Most guinea pigs thankfully don’t get as bad as this because of their fast metabolism. A larger cage size and regular exercise are both important for long term weight and health management.
However, vets are concerned about a rise in overweight pet guinea pigs caused by overfeeding veg and pellets and giving too many bad treats.

Chunky guinea pigs may look healthy, but they are not necessarily so! If you can no longer feel the ribs of your guinea pigs, then it is time to review your diet and your treat regime!


A long-term healthy diet
Meaning well can easily turn into meaning too well. A healthy diet is key to better health and can it can really make a difference in your guinea pigs’ life expectancy, too!

Please switch to a healthy hay-based, low veg and pellet diet!

- Provide unlimited and keep topping it up at least twice daily! Hay should make over 80% of the daily food intake; you can simply not overfeed! The more veg and pellets you feed, the less hay your guinea pig will eat, and that can in the long term be detrimental for its health and longevity.
- Reduce the amount of pellets you are feeding to 1 tablespoon for an adult guinea pig. Stay off products that contain fat and sugar.
- Limit the amount of vegetables to ideally a less than 50g/1 cupful but aim for a balanced mix of nutrients. Stay off of fattening veg like carrots or sweet corn, which are high in sugar and have the same effect like a human eating a burger.
- Cut out all shop treats that contain sugar/honey, fat, seed, nuts or dairy/yoghurt!
- Feed rich readigrass and/or dry forage only in pinches as a very occasional treat.

Here are our tips for a balanced diet, which looks at all aspects and includes a sample veg diet: Long Term Balanced General And Special Needs Guinea Pig Diets


Exercising time tips
Unfortunately, while youngsters usually burst with energy, adult guinea pigs tend to become more sedentary as they age, and often see run time (indoors or outdoors) or supervised free-roaming as an opportunity for checking out the territory scent marks at a leisurely amble before enjoying a nap in their favourite corner.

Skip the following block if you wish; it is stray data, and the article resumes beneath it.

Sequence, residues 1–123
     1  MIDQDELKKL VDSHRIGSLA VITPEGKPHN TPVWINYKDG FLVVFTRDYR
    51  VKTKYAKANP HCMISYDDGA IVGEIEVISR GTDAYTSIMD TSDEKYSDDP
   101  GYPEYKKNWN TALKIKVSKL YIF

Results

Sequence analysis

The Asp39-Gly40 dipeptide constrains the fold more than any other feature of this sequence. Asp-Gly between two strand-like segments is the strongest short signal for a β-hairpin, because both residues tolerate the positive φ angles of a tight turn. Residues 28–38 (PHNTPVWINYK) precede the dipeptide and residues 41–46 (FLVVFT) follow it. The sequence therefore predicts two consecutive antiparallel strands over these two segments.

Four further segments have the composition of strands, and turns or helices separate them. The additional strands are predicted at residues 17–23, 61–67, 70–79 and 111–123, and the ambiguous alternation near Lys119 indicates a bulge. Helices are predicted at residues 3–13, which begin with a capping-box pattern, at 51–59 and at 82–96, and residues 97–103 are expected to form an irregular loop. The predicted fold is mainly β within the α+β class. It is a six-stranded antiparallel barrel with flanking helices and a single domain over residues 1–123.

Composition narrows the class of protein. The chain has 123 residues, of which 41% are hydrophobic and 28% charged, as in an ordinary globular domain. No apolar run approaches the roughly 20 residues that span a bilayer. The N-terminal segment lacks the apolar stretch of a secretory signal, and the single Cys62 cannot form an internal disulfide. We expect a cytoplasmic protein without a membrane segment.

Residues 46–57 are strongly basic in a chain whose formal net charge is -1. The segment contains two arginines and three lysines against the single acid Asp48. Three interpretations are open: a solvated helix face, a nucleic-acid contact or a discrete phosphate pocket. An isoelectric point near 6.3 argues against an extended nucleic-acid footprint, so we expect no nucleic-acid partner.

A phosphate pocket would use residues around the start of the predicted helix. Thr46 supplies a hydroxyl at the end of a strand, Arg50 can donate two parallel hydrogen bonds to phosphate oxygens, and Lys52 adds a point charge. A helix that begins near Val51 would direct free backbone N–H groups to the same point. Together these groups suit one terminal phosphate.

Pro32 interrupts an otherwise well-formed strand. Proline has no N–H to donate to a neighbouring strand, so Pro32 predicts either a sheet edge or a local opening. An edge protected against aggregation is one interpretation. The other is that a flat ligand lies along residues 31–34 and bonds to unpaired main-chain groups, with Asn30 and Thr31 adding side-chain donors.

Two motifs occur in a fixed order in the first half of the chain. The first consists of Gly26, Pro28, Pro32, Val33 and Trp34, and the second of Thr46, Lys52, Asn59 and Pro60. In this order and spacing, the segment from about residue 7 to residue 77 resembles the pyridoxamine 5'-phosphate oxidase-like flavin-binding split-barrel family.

What can you do to encourage your guinea pigs to become more active again and to get them moving?
- Feed their veg and pellets in the run. Either call them from different sides for every morsel of veg or fresh grass you hand feed or sprinkle feed pellets veg in small chunks all over the floor.
- Make your guinea pigs work by offering their veg hanging on a string or hide it balls, tunnels or brown paper parcels.
- Give them sensory toys to investigate – apple, pear or willow branches, seed trays with fresh grass in different locations, let them romp with soiled bedding of theirs, divert them with a paper bag (any handles cut through) filled with fresh hay or grass.

BIG NO NO: Please do not make your guinea pigs run by frightening them with sharp loud sounds and sudden movements! They are prey animals, first and foremost and don’t see it as fun when they are running for their lives!
 

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VI Healthy treats and dealing with pester power

How to stop naughty begging

Guinea pigs are past masters at manipulation to get what they want. If you give them your small finger, they will take your hand. What is initially very cute can quickly become a very annoying and disruptive habit, especially when you give your guinea pigs a treat in the middle of the night to shut them up and they see it as a new opportunity to get your attention whenever they make a ruckus!

As hard as it is, but the only way you can stop your guinea pigs is by ignoring them at the price of several bad nights (ideally over a weekend or a holiday). Guinea pigs are not stupid; they will stop any tricks that do not bring the desired results.

You may also find the tips in this guide here very helpful in sorting out bad behaviours in ways that make total sense to your guinea pigs because they use their own behaviours and social interaction: Who is the boss - your guinea pig or you?


Healthy treats
If you really want to pamper your guinea pigs, please invest in different speciality hays, fresh or dried herbs or forage mixes or some freeze-dried readigrass (much richer than hay), which you can give them at special times in small quantities, like during run time or lap time.
Only give these treats occasionally and in small quantities. You can use their daily veg and pinches of healthy treats to train your guinea pigs to come to you or to even do simply tricks for you like turning in a circle during exercise time.
If you do not treat your guinea pigs when they are in their cage, they will not beg while they are in there.

Please do not feed any pet shop treats that contain the following:
- seeds or nuts (too fat)
- any oil
- any form of sugar, including honey and molasses
- any form of dairy, including yoghurt. Weaned guinea pigs are lactose intolerant.

Be aware that treats still count as part of the daily diet and do not exist in a special category!

Why not make normal feeding time fun and encourage your piggies to work to get at their food instead of giving lots extra treats? It creates lots of fun and giggles for you, too!
Enrichment Ideas for Guinea Pigs